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Intelligent Machines

Computers Are Getting a Dose of Common Sense

A startup called MetaMind has developed a new, improved algorithm for processing language.

Machines are getting smarter in many ways, but they are still relatively bad at understanding spoken or written language.

Talking to a machine over the phone or through a chat window can be an infuriating experience. However, several research groups, including some at large technology companies like Facebook and Google, are making steady progress toward improving computers’ language skills by building upon recent advances in machine learning.

The latest advance in this area comes from a startup called MetaMind, which has published details of a system that is more accurate than other techniques at answering questions about several lines of text that tell a story. MetaMind is developing technology designed to be capable of a range of different artificial-intelligence tasks and hopes to sell it to other companies. The startup was founded by Richard Socher, a prominent machine-learning expert who earned a PhD at Stanford.

MetaMind’s approach combines two forms of memory with an advanced neural network fed large quantities of annotated text. The first is a kind of database of concepts and facts; the other is short-term, or “episodic.” When asked a question, the system, which the company calls a dynamic memory network, will search for relevant patterns in the text that it has learned from; after finding associations, it will use its episodic memory to return to the question and look for further, more abstract patterns. This enables it to answer questions that require connecting several pieces of information.

A paper related to the work, posted online today, gives the following example:

Statements fed into the system:
Jane went to the hallway.
Mary walked to the bathroom.
Sandra went to the garden.
Daniel went back to the garden.
Sandra took the milk there.
Question:
Where is the milk?
Answer:
Garden.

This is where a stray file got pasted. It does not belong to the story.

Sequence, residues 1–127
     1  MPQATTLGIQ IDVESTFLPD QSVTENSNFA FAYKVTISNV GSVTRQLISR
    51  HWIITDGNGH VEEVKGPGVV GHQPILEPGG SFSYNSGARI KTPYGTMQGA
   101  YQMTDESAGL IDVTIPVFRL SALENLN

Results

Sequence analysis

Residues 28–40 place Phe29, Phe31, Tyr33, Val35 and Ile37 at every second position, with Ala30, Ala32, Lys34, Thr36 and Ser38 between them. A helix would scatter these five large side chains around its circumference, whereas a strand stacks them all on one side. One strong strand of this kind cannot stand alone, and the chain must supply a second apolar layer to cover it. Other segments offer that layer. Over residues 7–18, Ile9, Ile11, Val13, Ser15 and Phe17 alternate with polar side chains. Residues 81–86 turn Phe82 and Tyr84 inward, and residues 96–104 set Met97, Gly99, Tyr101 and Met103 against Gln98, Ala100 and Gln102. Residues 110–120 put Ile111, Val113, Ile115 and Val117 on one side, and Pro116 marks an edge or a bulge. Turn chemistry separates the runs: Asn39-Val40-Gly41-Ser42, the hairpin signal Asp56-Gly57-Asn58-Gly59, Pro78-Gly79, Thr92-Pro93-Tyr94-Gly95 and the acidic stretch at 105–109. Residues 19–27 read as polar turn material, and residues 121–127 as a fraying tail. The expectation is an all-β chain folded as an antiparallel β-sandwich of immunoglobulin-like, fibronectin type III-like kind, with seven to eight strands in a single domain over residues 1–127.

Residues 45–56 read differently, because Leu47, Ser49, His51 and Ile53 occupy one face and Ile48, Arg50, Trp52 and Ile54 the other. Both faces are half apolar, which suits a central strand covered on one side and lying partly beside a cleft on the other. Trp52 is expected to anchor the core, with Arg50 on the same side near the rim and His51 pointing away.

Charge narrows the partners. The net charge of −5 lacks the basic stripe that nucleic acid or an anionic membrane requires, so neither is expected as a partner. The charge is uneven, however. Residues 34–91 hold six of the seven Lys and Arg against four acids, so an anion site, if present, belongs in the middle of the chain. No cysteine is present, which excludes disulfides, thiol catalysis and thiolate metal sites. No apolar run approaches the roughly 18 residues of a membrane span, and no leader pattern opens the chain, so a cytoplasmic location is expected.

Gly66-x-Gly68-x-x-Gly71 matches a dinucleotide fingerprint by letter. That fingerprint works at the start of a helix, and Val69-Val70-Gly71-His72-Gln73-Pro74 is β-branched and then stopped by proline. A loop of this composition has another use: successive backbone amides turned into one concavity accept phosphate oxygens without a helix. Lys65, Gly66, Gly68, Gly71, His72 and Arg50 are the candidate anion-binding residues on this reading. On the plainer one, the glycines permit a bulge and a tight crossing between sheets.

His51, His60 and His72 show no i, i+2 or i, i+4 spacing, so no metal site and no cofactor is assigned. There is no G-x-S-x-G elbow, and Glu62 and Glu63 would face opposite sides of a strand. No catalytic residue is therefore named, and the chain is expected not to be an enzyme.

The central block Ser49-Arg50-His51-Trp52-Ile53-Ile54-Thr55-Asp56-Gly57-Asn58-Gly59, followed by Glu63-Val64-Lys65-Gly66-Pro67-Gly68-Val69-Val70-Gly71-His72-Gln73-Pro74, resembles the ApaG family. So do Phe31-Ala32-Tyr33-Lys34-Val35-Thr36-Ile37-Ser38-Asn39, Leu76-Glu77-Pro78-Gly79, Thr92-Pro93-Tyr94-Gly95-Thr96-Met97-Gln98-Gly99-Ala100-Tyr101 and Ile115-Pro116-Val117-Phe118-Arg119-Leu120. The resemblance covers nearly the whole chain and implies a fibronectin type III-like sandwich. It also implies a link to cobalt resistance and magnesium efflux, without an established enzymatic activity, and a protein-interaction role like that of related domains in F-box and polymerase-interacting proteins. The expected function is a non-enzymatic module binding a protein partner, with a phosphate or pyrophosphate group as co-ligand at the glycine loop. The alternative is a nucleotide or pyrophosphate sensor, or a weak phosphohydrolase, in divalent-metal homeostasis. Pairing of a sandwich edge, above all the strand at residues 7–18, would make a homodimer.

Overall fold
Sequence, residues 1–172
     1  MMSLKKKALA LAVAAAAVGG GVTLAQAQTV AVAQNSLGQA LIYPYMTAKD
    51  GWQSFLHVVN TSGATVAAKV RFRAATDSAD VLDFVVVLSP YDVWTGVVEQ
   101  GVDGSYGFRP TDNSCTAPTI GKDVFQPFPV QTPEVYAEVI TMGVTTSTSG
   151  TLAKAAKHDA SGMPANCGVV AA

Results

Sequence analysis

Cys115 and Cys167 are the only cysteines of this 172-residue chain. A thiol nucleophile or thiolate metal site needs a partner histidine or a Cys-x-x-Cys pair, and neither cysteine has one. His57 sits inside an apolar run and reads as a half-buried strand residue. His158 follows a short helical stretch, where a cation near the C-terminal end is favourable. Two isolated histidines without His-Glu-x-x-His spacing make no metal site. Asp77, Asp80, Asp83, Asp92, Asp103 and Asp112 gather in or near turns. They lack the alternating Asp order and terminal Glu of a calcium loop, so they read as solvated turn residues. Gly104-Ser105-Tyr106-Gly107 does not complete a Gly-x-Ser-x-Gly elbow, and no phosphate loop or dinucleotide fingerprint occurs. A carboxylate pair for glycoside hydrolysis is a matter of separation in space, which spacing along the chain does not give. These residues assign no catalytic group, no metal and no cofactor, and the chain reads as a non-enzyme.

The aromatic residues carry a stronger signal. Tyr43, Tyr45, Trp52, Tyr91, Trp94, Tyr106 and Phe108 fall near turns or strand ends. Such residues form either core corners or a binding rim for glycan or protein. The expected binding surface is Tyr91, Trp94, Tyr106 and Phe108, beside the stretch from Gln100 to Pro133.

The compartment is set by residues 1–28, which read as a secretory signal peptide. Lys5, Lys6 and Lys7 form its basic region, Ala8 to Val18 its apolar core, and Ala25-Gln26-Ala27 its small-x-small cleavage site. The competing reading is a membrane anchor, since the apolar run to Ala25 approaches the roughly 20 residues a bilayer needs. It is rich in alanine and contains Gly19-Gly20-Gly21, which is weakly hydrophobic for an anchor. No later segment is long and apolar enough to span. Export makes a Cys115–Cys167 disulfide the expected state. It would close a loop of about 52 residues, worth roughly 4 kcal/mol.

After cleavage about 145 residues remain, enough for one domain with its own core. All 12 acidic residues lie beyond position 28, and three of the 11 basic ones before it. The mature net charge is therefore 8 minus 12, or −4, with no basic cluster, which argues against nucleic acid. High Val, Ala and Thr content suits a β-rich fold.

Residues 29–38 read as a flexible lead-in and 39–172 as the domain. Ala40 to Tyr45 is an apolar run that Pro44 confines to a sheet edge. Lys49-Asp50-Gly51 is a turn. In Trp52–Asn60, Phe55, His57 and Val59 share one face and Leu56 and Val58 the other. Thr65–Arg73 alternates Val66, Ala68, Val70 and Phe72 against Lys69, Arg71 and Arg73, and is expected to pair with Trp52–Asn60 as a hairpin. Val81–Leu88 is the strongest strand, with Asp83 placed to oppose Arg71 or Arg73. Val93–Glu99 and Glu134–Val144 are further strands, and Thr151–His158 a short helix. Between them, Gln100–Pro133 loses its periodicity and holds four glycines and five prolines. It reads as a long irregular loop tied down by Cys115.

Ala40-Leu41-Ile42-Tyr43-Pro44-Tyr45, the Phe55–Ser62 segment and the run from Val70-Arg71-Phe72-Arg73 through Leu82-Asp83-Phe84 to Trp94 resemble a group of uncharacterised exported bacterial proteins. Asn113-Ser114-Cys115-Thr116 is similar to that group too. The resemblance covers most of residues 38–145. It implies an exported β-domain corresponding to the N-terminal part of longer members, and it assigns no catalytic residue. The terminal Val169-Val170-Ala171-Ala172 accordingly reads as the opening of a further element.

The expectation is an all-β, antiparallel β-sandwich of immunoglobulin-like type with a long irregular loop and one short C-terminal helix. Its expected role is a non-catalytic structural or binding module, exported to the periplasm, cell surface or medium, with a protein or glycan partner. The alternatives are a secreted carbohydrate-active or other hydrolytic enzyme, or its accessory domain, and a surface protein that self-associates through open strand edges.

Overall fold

Because Socher’s system was trained using data sets that covered sentiment and structure, the system can answer questions about the sentiment, or emotional tone, of text, as well as basic questions about its structure. “The cool thing is that it learns that from example,” Socher says. “It wires the episodic memory for itself.”

MetaMind tested its system using a data set released by Facebook for measuring machine performance at question-and-answer tasks. The startup’s software outperformed Facebook’s own algorithms by a narrow margin.

Making computers better at understanding everyday language could have significant implications for companies such as Facebook. It could provide a much easier way for users to find or filter information, allowing them to enter requests written as normal sentences. It could also enable Facebook to glean meaning from the information its users post on their pages and those of their friends. This could offer a powerful way to recommend information, or to place ads alongside content more thoughtfully.

The work is a sign of ongoing progress toward giving machines better language skills. Much of this work now revolves around an approach known as deep learning, which involves feeding vast amounts of data into a system that performs a series of calculations to help identify abstract features in, say, an image or an audio file.

“One thing that’s promising here is that the architecture clearly separates modules for ‘episodic’ and ‘semantic’ memory,” says Noah Smith, an associate professor at Carnegie Mellon University who studies natural language processing. “That’s been a shortcoming of many neural-network-based architectures, and in my view it’s great to see a step in the direction of models that can be inspected to allow engineering of further improvements.”

Yoshua Bengio, a professor at the University of Montreal and a leading figure in the field of deep learning, describes Socher’s system as “a novel variant” of the methods championed at Facebook and Google. Bengio adds that the work is one of many recent advances that are experiment but promising. “The potential for this type of research is very important for language understanding and natural language interfaces, which is crucial and of very high value for many companies,” he says.

Others are less impressed. Robert Berwick, a professor of computational linguistics and computer science at MIT, says Socher’s method uses established techniques and offers only incremental progress. He adds that it achieves little similarity with the way episodic memory works in the human brain, and ignores important progress that has been made in linguistics.

Socher believes the biggest significance of his work is that it makes progress toward more generalizable machine intelligence. “This idea of adding memory components is something that’s in the air right now,” he says. “A lot of people are building different kinds of models, but our goal is to try to find one model that can perform lots of different tasks.”

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